HIV Diagnoses Among Hispanics/Latinos — United States, 2008–2013
Despite an overall decline in new HIV diagnoses among Latinos in recent years, diagnoses increased sharply among Latino men who have sex with men (MSM). For this analysis, CDC researchers analyzed data on new HIV diagnoses reported to the National HIV Surveillance System from 2008-2013. While the rate of HIV diagnoses declined among Latinos overall during this time period (from 28.3 per 100,000 population to 24.3), the number of diagnoses increased by 16 percent among Latino MSM (from 6,141 to 7,098). The increase among Latino MSM tracks with an overall increase in new infections seen among MSM in previous reports, suggesting a potential resurgence in HIV among this population. HIV diagnoses declined among all other transmission groups, and were either stable or declined among all age groups. Latinos are disproportionately affected by HIV infection – in 2013, the rate of HIV diagnosis among Latinos (18.7) was nearly 3 times that of non-Hispanic whites (6.6). Behavioral risk factors among Latinos differed depending on the place of birth, pointing to the importance of tailored HIV prevention strategies that recognize the diversity of the Latino community. To combat HIV among Latinos, the authors underscore the critical need to prioritize testing; care and treatment for people living with HIV; and ensuring those at the highest risk have the knowledge and tools to protect themselves and their partners from infection, especially among Latino gay and bisexual men.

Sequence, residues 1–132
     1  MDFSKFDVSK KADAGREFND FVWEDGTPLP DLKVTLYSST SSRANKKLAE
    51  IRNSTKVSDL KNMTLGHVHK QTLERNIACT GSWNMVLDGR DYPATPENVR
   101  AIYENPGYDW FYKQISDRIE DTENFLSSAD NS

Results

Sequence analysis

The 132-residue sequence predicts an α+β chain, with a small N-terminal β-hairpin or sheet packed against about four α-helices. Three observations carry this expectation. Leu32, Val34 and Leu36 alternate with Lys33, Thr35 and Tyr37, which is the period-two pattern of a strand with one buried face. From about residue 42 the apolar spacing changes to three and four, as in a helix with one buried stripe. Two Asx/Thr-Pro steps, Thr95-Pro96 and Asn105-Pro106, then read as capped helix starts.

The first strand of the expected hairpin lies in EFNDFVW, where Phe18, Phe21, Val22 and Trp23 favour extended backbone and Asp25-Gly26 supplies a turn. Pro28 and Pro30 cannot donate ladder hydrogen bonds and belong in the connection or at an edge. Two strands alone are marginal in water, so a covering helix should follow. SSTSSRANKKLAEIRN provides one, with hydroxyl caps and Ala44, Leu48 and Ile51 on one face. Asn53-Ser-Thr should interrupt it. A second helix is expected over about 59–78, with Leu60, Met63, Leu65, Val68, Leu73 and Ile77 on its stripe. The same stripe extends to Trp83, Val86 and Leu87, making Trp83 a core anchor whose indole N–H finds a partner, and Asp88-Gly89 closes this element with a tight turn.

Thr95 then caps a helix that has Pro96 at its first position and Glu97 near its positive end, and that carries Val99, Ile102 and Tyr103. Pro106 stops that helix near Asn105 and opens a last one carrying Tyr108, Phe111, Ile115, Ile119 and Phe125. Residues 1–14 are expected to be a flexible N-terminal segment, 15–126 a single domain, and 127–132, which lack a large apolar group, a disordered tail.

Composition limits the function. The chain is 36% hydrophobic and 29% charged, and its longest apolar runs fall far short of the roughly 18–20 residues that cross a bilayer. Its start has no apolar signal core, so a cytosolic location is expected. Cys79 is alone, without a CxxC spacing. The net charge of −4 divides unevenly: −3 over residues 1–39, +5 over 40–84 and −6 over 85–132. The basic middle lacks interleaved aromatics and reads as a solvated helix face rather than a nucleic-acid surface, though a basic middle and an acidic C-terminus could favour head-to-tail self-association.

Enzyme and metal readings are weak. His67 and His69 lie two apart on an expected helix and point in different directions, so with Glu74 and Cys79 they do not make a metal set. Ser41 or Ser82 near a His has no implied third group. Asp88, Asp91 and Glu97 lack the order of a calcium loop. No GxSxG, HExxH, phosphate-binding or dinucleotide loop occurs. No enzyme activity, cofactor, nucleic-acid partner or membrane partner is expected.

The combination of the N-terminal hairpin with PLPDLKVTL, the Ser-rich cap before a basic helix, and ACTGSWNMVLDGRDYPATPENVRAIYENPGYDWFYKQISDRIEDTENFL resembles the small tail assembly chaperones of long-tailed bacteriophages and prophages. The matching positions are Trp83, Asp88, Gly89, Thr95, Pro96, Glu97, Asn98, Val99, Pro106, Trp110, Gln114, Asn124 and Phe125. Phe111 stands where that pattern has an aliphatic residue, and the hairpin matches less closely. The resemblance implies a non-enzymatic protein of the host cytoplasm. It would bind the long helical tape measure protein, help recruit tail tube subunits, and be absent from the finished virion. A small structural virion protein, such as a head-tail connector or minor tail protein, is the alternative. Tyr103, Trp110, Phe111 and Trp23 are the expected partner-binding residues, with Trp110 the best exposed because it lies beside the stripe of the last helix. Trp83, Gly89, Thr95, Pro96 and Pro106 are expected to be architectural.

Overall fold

National Center for HIV/AIDS, Viral Hepatitis, STD, and TB Prevention
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